fall food

squash

I’m going to apologize for this once and once only: It is autumn. I live way north. The sun goes down very early now and will soon go down disgustingly early, so my dinnertime photos for the next several (that sounds like a lot—we’ll see) months will be artificially lit. I will do my best. Thank you for your time.

Okee doke, on with the food. Autumn does have its positives. I can turn on the oven whenever I damn well please and I can cook comforty, rooty, often orange (look at today’s!) foods. I’ll get to the tofu scramble later, but let’s talk stuffed acorn squash. You’ve seen the photos and recipes. So easy and so forgiving. Swap it in and swap it out—don’t like an ingredient? Put in something you do like instead. And it’s its own serving dish. Suck it, bread bowl. 

I ran into some trouble with this, however; perhaps because I had no aluminum foil (was holding out until I found recycled stuff, which I did just yesterday) the squash took for-friggin’-ever to cook. And once stuffed and done, it was tough to serve. I ended up cutting it down the middle and hacking away at it that way. Just seemed more trouble than it was worth. Next time I’d use tiny squashes or something cut lengthwise, just not so high.

So how’d I make it? This is for 2 medium squashes, so if you’re just doing one as an experiment, halve it.

•squash of your choice (for this I used squash the size of a baby’s head, acorn variety)
•1 c wild rice (or brown rice or white rice, I guess), prepared as directed with vegetable broth instead of water
•2 T Earth Balance
•3 c vegetables (I used carrot, celery, leek, yellow squash, garlic, and parsley but would have used a bunch of mushrooms if Tom weren’t so anti-mushroom)
•½ c panko, breadcrumbs, or crushed nuts (for binding and excitement)
•salt, pepper, and 2 T of your favorite fall herbs (I used sage and powdered rosemary)

•Either cut the squash lengthwise or chop the top off like a jack-o’-lantern and scoop the guts out.
•Throw the EB in the squash, replace top if you took it off, then wrap in foil and cook in a 350º oven until softened up (try 20 minutes, depending on your squash)
•While the squash is in the oven, cook up the vegetables in a bit o’ olive oil and herbs,  until they’re almost done; they’ll cook inside the squash for the last 5 minutes or so.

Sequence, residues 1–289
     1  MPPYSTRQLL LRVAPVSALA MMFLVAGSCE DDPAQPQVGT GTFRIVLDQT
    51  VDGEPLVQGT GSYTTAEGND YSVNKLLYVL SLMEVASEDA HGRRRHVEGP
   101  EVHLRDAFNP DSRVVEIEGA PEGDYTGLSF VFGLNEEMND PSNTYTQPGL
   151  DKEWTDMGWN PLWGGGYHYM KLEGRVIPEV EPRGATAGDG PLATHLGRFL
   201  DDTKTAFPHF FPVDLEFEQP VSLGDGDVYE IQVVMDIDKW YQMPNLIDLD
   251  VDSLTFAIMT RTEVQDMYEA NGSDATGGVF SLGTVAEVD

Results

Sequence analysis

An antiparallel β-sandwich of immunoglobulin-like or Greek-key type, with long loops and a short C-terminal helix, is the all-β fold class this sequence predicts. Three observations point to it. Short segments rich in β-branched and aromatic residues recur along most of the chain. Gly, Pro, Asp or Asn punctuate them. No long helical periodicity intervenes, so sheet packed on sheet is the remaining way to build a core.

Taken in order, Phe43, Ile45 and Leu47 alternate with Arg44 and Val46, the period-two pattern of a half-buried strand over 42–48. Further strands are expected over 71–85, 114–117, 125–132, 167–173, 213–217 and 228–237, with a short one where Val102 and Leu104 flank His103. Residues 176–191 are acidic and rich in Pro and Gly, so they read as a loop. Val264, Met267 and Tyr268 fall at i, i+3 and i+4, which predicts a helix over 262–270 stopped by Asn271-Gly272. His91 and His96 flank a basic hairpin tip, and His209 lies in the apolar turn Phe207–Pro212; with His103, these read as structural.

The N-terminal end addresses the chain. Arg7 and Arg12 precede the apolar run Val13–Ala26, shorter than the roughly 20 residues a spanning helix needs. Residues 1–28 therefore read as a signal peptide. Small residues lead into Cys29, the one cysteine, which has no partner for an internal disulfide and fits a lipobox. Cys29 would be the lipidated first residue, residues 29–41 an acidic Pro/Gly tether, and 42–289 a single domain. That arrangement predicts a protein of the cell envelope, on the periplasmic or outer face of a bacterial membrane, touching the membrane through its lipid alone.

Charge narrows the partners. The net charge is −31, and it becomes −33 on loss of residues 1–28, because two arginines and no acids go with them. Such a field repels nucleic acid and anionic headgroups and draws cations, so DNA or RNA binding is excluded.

•Add panko and rice, mixing thoroughly. This is actually really great and any leftover stuffing is lunch for tomorrow!
•Stuff almost-done stuffing into almost-done squash and finish off, uncovered, in the oven for 5 minutes or so.
•Have better luck than me serving it.

Really, this looks like a superduper holiday meal winner. One of those impressive, fancy-pants, win-over-the-omnis dish. I’m sure my next try will turn out so much better. Good luck with your first.

orange scramble

On to orange tofu scramble! Pictured here with garlic-n-peppery zucchini and a simple but supergreat pilaf, I’ve tarted up my tofu scramble with some extra paprika and orange bell peppers. It didn’t taste much different but it’s pretty. (And if you’re new, yes, I like my tofu scramble very firm and well done.)

And to you Portland folk, this Sunday (10/11) at 8 pm at The Artistry (4315 SE Division St.), the Food Fight! benefit movie will be Billy Madison. It’s a $5-plus donation for Fences for Fido, a nonprofit, all-volunteer group that, among other things, builds fences and shelters for those who can’t afford it so their dogs don’t have to be chained out in the elements. 

I went last month for The Blues Brothers, because I always have and always will hate Illinois Nazis. It’s in the basement of the building with an A on it. It’s a very informal setup—not an actual theatre—but it’s comfortable and has decent sound. So come on out for a silly movie and help improve the life of a pup. Click here for the Facebook event page, where you can RSVP.

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